A collaborative effort produced the “Say Their Names” piece, a collage that features cutouts of the faces and names of Black people whose lives were taken at the hands of law enforcement. The artwork is a mobile work Finnie says will migrate to different Lancaster businesses like a “silent protest.”
Finnie didn’t stop there, though. Her latest projects surrounding the Black Lives Matter Movement have helped her grow as an artist, she said.
She also asked local photographers to donate their images of protesters, and those faces, signs and people make up “Ampersand.” The life-sized symbol is in PCAD Park, only steps away from the Lancaster City Bureau of Police Department.
These words are plastered on the sculpture and are surrounded by cropped photos of chanters, demonstrators and activists who have dedicated their time rallying for Black lives.
The “Ampersand” sculpture is not only a tribute to protesters, but it also on steps away from the Lancaster City Bureau of Police Department. (Photo: Jasmine Vaughn-Hall)
“[The movement] has made me more conscious of the work that I’m putting out and [I’m] creating work that means something to me or that I know other people will resonate with,” Finnie said.
‘The challenge of change’
Eileen Berger, 67, owner and director of Just Lookin’ Gallery in Hagerstown, Maryland, opened her business specializing in original art by Black American artists 25 years ago. Through Nov. 3, she is presenting “The Challenge of Change: Civil Rights in America,” featuring 25 artists and roughly 70 works.
Berger said the exhibit is a history lesson and political statement.
“I think now is the right time to get people to understand a little bit more. I like political statements; I won’t pretend I don’t,” Berger said. “This is probably my 12th or 13th Civil Rights show.”
Berger said the show, which includes pieces by Charly Palmer, Preston Sampson, Eli Kince, Wesley Clark and Evita Tezeno, was planned to open in November. That was prior to the COVID-19 pandemic and before Floyd’s death. “I moved it up because sometimes you have to be topical about what’s going on in the world,” Berger said. “The show is historical, but it is also right now.”
Berger, who is white, grew up in Washington, D.C., “in a neighborhood full of people with different colors, races, nationalities than me. That was my whole life. I was part of the Civil Rights Movement in the late ‘60s,” she said.
Response to the exhibit has been encouraging. “To people who already have an affinity for art, they have more time to explore,” she said of the pandemic-restricted times we are living through.
But Berger believes the greatest support for the exhibit has nothing to do with a virus.
“There is a huge increase in awareness of disparity between Black and white right now,” she said. “Art is a way of hopefully opening up more people’s eyes. I always say, ‘Let’s start a dialogue.’ ”
“We have a really ugly history in this country,” she said. “At this age, I am not so disillusioned that I don’t think we can’t have a more beautiful future. Let me do what I can do.”
‘I try to push myself past what I can do’
Philadelphia native Courtney Newman, 31, has been creating art since he was in elementary school.
The Collingswood artist uses interesting objects to create his art, which he lets speak for him.
Newman incorporated about 3,600 Skittles to create a piece of art of Trayvon Martin, the teen killed in Florida by neighborhood watchman George Zimmerman in 2012. Martin had had an iced tea and a pack of Skittles on him when he was fatally shot after a scuffle with Zimmerman.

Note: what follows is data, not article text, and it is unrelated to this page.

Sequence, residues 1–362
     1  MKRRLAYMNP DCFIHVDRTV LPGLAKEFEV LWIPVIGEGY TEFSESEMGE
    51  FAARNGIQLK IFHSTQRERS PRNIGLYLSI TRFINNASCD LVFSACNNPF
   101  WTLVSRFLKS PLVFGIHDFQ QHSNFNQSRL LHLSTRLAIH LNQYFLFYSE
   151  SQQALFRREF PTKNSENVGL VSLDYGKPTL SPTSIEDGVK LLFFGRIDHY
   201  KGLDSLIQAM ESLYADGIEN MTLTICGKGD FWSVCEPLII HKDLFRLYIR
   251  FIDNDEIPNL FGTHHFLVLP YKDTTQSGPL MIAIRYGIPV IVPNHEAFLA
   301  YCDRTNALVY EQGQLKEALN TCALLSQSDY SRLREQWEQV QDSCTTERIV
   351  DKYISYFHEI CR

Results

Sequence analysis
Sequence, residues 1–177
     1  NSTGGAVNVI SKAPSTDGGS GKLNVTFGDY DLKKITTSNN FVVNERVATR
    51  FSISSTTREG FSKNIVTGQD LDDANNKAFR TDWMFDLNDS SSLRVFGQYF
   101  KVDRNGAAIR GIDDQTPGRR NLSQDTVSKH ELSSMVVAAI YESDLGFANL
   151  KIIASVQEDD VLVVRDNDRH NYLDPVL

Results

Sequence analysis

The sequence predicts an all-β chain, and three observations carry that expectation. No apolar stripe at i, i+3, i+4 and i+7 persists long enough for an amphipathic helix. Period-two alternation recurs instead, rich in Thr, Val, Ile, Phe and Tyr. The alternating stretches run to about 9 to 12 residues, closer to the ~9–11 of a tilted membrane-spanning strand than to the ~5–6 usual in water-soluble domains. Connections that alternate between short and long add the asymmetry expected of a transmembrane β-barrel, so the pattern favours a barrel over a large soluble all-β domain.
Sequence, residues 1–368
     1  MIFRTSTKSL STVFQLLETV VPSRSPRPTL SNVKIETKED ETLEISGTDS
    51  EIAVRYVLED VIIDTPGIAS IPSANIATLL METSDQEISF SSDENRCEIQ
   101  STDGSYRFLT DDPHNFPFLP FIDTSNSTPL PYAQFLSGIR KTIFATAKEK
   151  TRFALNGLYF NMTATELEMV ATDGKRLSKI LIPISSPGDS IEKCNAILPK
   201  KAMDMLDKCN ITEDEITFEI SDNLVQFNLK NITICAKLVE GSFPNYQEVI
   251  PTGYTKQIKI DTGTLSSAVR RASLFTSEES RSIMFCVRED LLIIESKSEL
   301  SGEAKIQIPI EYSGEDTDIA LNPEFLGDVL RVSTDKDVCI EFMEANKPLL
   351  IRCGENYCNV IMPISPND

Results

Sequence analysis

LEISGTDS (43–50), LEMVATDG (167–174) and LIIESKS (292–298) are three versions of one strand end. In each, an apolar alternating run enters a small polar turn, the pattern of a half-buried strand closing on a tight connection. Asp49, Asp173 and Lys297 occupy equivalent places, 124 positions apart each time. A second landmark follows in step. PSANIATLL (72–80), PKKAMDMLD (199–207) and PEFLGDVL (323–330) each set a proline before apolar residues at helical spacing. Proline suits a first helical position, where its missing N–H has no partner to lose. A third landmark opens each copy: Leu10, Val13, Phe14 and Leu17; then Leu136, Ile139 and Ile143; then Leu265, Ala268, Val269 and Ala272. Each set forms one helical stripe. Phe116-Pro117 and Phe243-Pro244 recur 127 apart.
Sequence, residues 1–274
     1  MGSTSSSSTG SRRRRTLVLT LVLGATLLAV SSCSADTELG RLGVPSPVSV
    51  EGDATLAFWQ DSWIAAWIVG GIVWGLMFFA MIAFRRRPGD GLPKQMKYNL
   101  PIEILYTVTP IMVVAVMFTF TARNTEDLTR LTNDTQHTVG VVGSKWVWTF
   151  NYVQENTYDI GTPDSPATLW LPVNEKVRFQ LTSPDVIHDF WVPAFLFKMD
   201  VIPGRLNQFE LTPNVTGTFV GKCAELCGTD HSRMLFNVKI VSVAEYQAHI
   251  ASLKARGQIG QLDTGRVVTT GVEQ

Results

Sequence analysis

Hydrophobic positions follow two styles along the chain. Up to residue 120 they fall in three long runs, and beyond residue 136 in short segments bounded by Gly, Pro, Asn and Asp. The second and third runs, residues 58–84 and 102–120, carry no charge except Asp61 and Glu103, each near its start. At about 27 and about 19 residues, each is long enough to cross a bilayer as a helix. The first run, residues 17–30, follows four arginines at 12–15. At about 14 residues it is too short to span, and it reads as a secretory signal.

“That was just a three-dimensional thing,” Newman said. “I used Skittles because of that situation. Then I did Malcolm X and Martin Luther King with bullet casings.”
“I do art, that’s what I do,” said Newman, who also has done more straight-forward work to honor George Floyd. “I have epilepsy, so the working thing is a little slow. Art was my thing since when I was little. I do it for me and still try to make money off of it.”
‘The heart is coming from the Black man in America’
Rochester, New York, native Shawn Dunwoody started his career in fine art, creating assemblage pieces that depicted the struggles of the African American community.
But he set a new course. He moved back to the city’s Northeast side, which has a high concentration of poverty, and began creating colorful murals with positive messages. His goal was to be a role model for Black youth.
“I think it’s important,” he said. “The intent and the heart is coming from a Black man in America.”
The City of Rochester often seeks out Dunwoody when it needs an artist. After Washington, D.C., painted a street with “Black Lives Matter,” Rochester officials approached Dunwoody about doing something similar . He agreed to take on the project, but proposed taking it a step further. The city agreed with his vision.
His canvas was Dr. Martin Luther King Jr. Memorial Park at Manhattan Square downtown, the focal point of many Black Lives Matter events. During two summer days he, along with some volunteers, painted nearly every surface of the sunken concrete amphitheater with matte black paint. In the middle he painted the Black Lives Matter fist symbol.
It was the largest art installation in a city that has a thriving public art scene. Dunwoody called it, “The Empire Strikes Black.”
He placed buckets of chalk for people to express themselves. People draw pictures, write messages and poetry. They post their creations on social media. Music videos have been shot in the space.
Local artist Shawn Dunwoody directs some volunteers who are helping him paint the amphitheater at Martin Luther king Jr. Park, black, to allow visitors to write messages as part of the Black Lives Matter movement. (Photo: JAMIE GERMANO/ROCHESTER DEMOCRAT AND CHRONICLE)
“It’s almost like looking at the world itself,” Dunwoody said. “It may look chaotic and crazy … but if you take your time and individually look at each one, you can find deep meaning and connections to people.”
The space is an amphitheater, he explained. It is meant to amplify voices.
‘Did you get in the house?’
Poscé, who has family in law enforcement and the military, was raised with the notion to look after his siblings, which he still does, including a younger brother who is a postal worker and one who is incarcerated.